Vine-jumping has been carried out for generations in Vanuatu, but the first jump using a modern elastic rope system took place on Bristol's Clifton Suspension bridge in 1979. David Kirke, Simon Keeling and Geoff Tabin were members of the Oxford University Dangerous Sports Club and had been inspired by vine-jumping.
James Dyson's use of cyclonic separation has not only saved people money on vacuum dust bags but also meant their machines lasted longer. The G-Force cleaner was launched in 1983 and Dyson had to create his own manufacturing company to build it.
Now read more about James Dyson: the billionaire who cleaned up by reinventing the vacuum cleaner
Neither this article, nor Facebook, Amazon or Netflix would exist without the World Wide Web, released by Londoner Sir Tim Berners-Lee (pictured right) in 1991. Although computers had previously been linked to each other, this was the first web browser ever created and it generated a virtual space for websites to be built – including the Queen’s.
One of the most controversial and best-selling game franchises of all time, Grand Theft Auto (GTA) was created by British games developer Rockstar North. The company started in Dundee, Scotland, but by the time of GTA's release in 1997 it was based in Edinburgh. Obscure Scottish references can be spotted scattered around the landscape of games.
In an age where computers are wiping out jobs, its essential children learn to use computers. The Raspberry Pi is a low-cost and easily adaptable computer that helps children, including those in developing countries, learn to code. It was developed by a group of teachers, academics and computer enthusiasts in 2006, released in 2012 and costs as little as £4.65.
Travelling with kids is tough, but walking through a huge airport isn't easy for kids either. That's why Rob Law invented Trunki, a hand luggage case with wheels that kids can sit on, in 2006. After turning down a £100,000 offer on Dragon's Den, Law built up the company himself and has sold more than three million Trunkis worldwide.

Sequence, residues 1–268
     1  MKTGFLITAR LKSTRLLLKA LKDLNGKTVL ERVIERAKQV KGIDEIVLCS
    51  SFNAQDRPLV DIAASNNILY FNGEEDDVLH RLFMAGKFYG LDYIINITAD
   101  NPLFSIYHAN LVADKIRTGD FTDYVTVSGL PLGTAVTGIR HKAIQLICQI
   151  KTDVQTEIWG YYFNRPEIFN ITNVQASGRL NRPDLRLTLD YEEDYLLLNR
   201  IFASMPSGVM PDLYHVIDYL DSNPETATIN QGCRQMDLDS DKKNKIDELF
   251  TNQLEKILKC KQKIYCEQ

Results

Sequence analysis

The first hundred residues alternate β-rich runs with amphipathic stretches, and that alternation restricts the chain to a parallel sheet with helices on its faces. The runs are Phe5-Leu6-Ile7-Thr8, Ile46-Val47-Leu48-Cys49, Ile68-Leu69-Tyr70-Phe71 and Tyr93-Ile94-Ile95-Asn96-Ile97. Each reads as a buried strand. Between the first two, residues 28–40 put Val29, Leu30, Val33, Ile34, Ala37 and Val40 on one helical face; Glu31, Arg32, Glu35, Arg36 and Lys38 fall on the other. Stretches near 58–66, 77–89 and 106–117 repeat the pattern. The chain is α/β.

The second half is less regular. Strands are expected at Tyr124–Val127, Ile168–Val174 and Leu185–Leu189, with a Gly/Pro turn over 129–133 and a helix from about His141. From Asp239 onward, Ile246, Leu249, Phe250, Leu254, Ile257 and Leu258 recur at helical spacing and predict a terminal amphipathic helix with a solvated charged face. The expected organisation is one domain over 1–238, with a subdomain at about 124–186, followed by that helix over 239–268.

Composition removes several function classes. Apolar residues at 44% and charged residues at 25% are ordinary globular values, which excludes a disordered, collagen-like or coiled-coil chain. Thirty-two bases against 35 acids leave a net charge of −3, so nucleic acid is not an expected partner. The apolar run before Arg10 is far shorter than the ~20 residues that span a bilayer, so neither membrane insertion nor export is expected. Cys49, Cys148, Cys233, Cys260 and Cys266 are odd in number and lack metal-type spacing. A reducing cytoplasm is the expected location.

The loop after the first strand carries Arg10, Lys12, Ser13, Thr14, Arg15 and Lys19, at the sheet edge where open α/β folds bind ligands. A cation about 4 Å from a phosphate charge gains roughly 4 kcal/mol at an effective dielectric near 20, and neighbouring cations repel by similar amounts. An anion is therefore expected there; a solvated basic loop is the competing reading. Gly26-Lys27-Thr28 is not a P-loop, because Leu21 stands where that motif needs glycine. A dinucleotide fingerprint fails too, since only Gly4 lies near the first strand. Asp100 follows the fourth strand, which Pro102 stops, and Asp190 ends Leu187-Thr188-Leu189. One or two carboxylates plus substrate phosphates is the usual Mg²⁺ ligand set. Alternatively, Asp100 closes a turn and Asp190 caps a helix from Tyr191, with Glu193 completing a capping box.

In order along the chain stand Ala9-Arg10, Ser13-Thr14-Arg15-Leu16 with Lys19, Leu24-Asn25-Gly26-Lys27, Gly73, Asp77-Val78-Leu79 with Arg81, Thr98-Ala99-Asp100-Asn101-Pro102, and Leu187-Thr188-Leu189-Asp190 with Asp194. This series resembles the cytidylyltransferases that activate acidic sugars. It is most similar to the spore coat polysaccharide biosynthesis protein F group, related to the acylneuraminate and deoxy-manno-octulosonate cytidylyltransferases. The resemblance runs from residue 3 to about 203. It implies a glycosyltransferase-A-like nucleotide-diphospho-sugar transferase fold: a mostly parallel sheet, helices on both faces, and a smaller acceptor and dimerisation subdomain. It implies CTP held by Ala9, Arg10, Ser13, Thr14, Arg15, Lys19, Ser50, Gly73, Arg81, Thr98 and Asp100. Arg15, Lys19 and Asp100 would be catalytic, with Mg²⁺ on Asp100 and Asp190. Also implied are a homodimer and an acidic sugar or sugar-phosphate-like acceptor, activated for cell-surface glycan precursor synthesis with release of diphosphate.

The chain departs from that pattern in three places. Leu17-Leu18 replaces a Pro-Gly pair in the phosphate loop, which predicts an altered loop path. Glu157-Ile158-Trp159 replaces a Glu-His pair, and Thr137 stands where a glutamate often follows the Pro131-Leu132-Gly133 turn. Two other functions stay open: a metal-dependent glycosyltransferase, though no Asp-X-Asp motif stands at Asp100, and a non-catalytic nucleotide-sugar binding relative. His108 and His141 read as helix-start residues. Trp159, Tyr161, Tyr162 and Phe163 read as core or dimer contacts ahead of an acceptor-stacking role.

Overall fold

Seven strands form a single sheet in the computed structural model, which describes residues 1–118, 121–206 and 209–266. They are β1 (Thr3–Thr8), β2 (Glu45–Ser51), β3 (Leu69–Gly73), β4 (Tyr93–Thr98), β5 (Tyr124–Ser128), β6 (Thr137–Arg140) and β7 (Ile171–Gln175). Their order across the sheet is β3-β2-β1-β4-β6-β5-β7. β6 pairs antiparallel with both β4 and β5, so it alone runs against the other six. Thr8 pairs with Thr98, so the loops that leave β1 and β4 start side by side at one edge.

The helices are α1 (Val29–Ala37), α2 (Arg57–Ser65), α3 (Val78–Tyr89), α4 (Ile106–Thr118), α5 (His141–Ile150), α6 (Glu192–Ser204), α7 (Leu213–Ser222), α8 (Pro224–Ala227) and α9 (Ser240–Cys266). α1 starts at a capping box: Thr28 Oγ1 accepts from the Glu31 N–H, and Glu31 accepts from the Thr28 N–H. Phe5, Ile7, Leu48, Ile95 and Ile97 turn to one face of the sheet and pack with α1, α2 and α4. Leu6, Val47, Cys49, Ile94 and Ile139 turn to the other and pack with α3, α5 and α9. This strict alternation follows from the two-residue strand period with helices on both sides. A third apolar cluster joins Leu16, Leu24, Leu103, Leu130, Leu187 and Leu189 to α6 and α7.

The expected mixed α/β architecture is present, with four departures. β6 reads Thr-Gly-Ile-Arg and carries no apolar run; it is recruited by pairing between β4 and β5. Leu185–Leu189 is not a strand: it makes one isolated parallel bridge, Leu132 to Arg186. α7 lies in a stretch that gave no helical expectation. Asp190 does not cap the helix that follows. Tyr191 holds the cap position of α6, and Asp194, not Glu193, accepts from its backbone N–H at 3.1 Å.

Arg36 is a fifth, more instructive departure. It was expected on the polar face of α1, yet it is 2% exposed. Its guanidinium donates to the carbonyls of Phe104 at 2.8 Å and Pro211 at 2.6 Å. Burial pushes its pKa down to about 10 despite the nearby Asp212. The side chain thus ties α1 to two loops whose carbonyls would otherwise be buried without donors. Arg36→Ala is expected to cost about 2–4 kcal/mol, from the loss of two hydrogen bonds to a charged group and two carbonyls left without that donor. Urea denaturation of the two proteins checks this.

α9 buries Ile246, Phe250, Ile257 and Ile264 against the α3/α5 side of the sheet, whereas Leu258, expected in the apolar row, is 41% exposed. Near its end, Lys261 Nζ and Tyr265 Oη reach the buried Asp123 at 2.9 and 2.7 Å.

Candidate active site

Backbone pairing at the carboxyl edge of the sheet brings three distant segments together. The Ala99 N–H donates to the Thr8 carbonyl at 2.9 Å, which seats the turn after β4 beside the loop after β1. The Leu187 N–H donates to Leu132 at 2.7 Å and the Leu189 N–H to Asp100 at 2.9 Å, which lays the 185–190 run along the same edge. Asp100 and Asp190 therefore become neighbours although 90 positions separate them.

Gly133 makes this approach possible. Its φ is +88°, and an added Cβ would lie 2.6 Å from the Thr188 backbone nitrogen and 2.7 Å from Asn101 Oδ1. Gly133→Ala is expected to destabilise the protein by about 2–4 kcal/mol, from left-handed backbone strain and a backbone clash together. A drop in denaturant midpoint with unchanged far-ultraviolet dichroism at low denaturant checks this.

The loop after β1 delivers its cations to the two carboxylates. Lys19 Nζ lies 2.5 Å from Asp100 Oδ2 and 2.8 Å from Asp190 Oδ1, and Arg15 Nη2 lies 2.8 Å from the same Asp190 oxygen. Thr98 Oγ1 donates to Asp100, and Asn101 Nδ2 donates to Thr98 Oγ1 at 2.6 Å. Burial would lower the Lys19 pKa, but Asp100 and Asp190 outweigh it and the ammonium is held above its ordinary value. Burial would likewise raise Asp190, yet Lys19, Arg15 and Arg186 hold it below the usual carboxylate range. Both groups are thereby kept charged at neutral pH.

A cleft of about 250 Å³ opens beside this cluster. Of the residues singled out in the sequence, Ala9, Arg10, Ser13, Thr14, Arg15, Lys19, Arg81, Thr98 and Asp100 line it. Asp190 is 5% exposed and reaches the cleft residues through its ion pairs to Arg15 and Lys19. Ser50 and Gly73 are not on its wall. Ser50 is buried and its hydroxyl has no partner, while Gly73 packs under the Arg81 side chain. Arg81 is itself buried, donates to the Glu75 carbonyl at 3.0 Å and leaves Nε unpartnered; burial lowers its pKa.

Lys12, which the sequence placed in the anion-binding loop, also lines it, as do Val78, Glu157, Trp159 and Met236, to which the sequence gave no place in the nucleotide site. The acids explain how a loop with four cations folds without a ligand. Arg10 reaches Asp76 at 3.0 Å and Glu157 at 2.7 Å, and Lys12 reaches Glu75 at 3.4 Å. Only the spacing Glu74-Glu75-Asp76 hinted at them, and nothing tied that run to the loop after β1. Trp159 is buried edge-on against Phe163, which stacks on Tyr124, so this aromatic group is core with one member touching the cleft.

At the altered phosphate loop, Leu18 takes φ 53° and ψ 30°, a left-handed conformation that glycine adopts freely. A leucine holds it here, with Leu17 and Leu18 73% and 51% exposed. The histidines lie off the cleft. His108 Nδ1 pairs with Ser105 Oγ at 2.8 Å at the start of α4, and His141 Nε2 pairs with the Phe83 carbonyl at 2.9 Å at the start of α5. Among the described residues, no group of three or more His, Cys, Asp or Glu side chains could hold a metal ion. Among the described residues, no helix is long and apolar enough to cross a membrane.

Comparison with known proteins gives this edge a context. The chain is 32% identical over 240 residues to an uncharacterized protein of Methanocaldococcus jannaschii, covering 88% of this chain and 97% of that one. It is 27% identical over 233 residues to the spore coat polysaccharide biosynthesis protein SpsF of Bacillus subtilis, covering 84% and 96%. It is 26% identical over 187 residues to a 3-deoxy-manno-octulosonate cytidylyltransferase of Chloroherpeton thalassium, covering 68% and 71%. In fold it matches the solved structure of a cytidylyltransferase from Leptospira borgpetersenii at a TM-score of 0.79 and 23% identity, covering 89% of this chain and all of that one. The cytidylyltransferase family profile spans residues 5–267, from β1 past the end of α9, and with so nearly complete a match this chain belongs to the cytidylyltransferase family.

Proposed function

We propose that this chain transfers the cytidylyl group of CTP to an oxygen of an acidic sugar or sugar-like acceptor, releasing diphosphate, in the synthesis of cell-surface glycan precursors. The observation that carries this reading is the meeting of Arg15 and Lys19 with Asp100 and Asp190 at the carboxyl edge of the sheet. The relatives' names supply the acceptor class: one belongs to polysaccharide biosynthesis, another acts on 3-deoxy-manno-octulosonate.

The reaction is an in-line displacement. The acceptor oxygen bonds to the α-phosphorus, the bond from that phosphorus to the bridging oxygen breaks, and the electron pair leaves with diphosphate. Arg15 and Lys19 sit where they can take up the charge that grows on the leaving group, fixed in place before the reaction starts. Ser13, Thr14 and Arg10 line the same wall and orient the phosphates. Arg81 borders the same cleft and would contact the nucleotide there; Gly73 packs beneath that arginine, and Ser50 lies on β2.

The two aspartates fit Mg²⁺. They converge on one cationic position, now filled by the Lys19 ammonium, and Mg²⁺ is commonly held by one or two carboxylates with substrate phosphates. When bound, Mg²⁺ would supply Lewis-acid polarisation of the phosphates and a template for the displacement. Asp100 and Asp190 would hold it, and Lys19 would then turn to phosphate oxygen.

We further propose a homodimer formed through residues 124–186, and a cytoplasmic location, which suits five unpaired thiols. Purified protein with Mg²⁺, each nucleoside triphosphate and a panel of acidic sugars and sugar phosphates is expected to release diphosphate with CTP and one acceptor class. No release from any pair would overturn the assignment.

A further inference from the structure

Read more about the Dragons' Den rejects who went on to make millions
Although not as revolutionary as the bagless vacuum cleaner, anyone who has used a public toilet since 2006 will certainly appreciate the time-saving and hygenic abilities of Dyson's Airblade hand dryer.
When the Tangle Teezer was launched in 2007, it was touted as a miracle device for dealing with unruly locks and backed by celebrities including Emma Watson and Victoria Beckham. Yet the road to success had been a bumpy one. When the product was pitched by hairdresser Shaun Pulfrey on BBC’s Dragon’s Den in 2002, it was ridiculed as a “hair-brained” idea by the judges. Fortunately, others didn’t agree and the website received so many orders when it first launched that it crashed.
Entrepreneur James Nash pitched his idea for Cup-a-Wine in the Dragon’s Den in 2009, yet he was met with laughter and his request for £250,000 for a 25% stake of his business was rejected. Fortunately, Nash had the last laugh. The invention was picked up by M&S later in 2009, marketed as Le Froglet and has since become a familiar sight at picnics and on commuter journeys.
After his wife visited a hospital, Welsh inventor Wyn Griffiths came up with the idea of a touch-free door handle, which can be opened using an arm to minimise the risk of infection by touching door handles. By that same evening, he’d already come up with a prototype. The 3D designs for the “arm”, which can be attached to an existing door, have been distributed online and can be downloaded and printed by anyone with a 3D printer.
British office furniture company DDB has also created a device for hands-free door opening amid the coronavirus pandemic. The Hygienehook, designed by Steve Brooks, is small enough to fit in a pocket and can be easily attached to door handles. Plus it’s made from non-porous material which makes it easy to clean.